“I spend hours in here,” said Robertson. “I listen to music and go do it. I could spend the whole day here. Except in the summer, it gets too hot, it can be miserable. Who wants to be in the garage? My heart’s just not in it. But I am a guy who needs to be busy all of the time.”

Robertson’s tools are minimal: a two burner propane forge, a vice to bend metal, a plasma cutter, a wire welder. Minimal is not to be confused with simple or lethargic, as the forge splatters sparks and emits fire.


“There are times when I can feel my shirt getting warmer and warmer,” said Robertson. “When you are working with hot horseshoes, you won’t forget to put your gloves on.” Robertson’s horseshoe sculptures, some of which exceed ten feet in height, require the welding of hundreds of pieces. One moose, darkened with a durable undercoat varnish, required 700 shoes.

The delivery of that sculpture to the town of Monarch became, literally, a delicate balancing act. “I had to drive 45 to keep it from flying off the trailer,” said Robertson. Robertson has an admiration for the welding process, especially the fact that no situation exists that he can’t get his artwork out of. Nothing is unbreakable; everything is subject to re-fix.

“With welding, you think you are doing a good job and then you find a spot where you’ve messed up. You try to fix it sometimes and it gets worse. The fun part is that you grab a big hammer and it doesn’t hurt a thing when you take to it. I had a sculpture that the hind quarter wasn’t right, so I took it back. I can cut them up and start over. I took it back and started over – just needed a cutter and acetylene torch.”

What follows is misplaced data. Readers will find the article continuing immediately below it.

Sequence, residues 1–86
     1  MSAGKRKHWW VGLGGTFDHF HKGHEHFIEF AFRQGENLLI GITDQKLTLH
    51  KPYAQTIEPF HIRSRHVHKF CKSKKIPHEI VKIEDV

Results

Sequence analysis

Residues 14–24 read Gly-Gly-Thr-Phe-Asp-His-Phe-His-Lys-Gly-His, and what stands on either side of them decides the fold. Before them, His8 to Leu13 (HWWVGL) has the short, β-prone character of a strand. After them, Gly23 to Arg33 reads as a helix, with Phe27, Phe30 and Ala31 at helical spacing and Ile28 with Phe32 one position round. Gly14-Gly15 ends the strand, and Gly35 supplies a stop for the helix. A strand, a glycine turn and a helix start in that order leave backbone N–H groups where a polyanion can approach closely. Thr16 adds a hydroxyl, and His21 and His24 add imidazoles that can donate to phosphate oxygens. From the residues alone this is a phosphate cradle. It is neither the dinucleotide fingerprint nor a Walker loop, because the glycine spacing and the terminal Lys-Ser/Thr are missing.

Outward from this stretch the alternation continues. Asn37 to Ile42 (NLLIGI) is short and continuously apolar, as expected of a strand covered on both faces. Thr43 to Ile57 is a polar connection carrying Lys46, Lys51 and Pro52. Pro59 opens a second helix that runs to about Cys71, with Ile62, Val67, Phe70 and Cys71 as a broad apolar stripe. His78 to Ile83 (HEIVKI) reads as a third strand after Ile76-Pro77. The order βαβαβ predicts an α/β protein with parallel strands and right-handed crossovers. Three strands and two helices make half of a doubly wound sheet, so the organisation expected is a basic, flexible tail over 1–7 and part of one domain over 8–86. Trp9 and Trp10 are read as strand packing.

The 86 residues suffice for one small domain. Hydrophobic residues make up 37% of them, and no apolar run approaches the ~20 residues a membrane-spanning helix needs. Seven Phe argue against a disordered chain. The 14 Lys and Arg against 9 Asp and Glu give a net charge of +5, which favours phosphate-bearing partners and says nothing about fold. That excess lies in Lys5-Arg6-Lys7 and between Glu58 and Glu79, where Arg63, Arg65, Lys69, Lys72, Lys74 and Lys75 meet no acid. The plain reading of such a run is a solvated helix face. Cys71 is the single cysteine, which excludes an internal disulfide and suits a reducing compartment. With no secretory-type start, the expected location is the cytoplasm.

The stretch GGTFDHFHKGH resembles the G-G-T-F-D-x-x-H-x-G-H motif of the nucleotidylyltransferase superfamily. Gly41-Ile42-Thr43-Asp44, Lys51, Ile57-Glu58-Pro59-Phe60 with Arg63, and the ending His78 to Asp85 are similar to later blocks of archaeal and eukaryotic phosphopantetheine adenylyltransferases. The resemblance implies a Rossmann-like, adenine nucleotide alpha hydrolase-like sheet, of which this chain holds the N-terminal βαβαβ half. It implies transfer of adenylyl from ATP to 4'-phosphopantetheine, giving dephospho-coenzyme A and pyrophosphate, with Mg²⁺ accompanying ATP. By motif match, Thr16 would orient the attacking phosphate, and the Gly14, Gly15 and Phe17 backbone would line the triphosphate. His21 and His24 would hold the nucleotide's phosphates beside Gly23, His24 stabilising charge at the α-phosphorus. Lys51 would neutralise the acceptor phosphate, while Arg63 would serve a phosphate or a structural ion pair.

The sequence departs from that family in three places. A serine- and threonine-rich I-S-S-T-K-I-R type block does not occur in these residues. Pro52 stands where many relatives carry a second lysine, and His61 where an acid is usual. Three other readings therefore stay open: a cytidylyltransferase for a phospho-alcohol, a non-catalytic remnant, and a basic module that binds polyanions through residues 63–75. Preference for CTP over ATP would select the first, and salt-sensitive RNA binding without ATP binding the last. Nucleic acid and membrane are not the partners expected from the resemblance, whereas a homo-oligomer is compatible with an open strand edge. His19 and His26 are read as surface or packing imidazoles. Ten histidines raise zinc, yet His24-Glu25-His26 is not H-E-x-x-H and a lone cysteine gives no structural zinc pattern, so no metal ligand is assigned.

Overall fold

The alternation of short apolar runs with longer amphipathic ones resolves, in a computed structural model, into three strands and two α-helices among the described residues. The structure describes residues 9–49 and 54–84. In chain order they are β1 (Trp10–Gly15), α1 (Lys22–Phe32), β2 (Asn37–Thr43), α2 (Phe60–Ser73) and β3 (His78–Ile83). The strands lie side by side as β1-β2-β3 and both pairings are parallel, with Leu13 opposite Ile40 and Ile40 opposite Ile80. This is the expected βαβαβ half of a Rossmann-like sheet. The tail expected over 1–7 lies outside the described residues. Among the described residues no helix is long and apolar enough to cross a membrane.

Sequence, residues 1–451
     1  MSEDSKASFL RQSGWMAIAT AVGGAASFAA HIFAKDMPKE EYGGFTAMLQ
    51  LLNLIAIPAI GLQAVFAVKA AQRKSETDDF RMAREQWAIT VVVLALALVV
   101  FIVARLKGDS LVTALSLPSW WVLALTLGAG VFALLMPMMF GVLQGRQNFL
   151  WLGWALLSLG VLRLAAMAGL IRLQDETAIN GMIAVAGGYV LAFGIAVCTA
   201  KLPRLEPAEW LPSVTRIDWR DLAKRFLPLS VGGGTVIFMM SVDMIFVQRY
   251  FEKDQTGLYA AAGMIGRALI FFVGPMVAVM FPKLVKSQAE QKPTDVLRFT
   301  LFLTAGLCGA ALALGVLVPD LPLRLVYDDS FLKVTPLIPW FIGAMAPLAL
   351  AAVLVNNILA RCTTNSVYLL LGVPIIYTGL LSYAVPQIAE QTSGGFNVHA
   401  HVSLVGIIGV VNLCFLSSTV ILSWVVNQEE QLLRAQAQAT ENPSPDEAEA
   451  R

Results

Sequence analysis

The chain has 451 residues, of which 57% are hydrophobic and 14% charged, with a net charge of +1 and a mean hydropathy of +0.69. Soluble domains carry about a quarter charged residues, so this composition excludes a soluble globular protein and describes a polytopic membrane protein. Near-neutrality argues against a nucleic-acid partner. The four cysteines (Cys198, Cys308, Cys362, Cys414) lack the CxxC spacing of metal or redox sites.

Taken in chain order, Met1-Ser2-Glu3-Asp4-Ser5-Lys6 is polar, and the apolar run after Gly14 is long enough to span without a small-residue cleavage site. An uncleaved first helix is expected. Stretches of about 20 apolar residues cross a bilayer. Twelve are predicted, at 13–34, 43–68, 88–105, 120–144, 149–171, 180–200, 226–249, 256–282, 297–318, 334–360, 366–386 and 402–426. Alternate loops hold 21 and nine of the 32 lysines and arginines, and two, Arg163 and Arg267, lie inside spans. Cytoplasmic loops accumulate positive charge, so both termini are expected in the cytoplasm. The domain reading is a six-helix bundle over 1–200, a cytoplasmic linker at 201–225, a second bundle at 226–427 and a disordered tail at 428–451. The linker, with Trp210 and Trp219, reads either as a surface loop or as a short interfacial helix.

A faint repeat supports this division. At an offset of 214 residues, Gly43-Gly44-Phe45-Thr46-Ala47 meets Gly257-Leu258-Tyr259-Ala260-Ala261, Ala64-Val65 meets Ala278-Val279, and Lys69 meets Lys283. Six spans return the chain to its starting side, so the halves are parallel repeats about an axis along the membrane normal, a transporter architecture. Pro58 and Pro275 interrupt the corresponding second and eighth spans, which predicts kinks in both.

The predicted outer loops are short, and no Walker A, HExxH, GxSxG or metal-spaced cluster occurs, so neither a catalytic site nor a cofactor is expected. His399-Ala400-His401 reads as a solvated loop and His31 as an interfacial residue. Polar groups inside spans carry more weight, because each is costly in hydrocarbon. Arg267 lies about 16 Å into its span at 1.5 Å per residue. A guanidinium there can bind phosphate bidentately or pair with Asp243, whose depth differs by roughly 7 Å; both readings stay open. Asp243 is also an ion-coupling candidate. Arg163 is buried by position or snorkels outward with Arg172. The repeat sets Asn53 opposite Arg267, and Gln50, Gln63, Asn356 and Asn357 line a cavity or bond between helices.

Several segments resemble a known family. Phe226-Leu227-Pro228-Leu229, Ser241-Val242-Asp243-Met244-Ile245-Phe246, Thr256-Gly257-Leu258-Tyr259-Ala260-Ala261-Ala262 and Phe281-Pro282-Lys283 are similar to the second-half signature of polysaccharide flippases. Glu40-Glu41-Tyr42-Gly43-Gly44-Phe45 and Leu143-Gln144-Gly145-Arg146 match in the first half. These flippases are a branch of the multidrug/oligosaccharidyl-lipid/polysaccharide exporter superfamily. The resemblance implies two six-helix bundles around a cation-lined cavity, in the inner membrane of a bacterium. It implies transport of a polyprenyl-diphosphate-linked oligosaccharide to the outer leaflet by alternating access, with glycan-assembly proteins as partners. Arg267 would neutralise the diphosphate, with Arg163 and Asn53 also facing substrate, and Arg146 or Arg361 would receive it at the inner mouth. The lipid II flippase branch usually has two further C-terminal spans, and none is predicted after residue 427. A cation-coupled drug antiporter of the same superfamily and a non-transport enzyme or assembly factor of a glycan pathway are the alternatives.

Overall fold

Peering into one of the larger installations, one can see the curves and muscles and the action of the animal. Indeed, Robertson is a skillful synthesizer who has created a small legion of inventory to choose from and enjoy.

“Everyone is an artist,” said Robertson. “Though, it’s a tough field. I see it this way: if I enjoy it and you enjoy it, well, that makes it better.” Robertson generally sticks to the fabrication of bulls and horses, though he talks of expanding into other less conventional forms. “I like cowboy things,” said Robertson. “I’m a cowboy. Personally, I’m pretty much an elk and deer kind of guy.”

There are several words that Robertson uses frequently in this conversation: choice, freedom, happiness. But there’s also desire. The artist in Robertson wants it because he wants it. “This will be around a long time after I’m gone,” said Robertson. “It’ll be nice to leave a legacy instead of nothing.”

There is something pure, talented, exciting and folksy about Robertson’s sculptures; when viewed standing together in the front yard of his home, it’s easy to envision the assembly of a folk art park to be enjoyed for generations. Indeed, many cars already travel down the dusty stretch of road to examine the metal-ring stallions, bears and moose.

Brian “Now if someone drives by, I just sit in the kitchen and I watch them,” said Robertson. “I don’t go out there, just let them look. There were a couple of times I might have scared them off when I came out. I thought, ‘well, that’s too bad,’ because I just wanted to tell them about them.”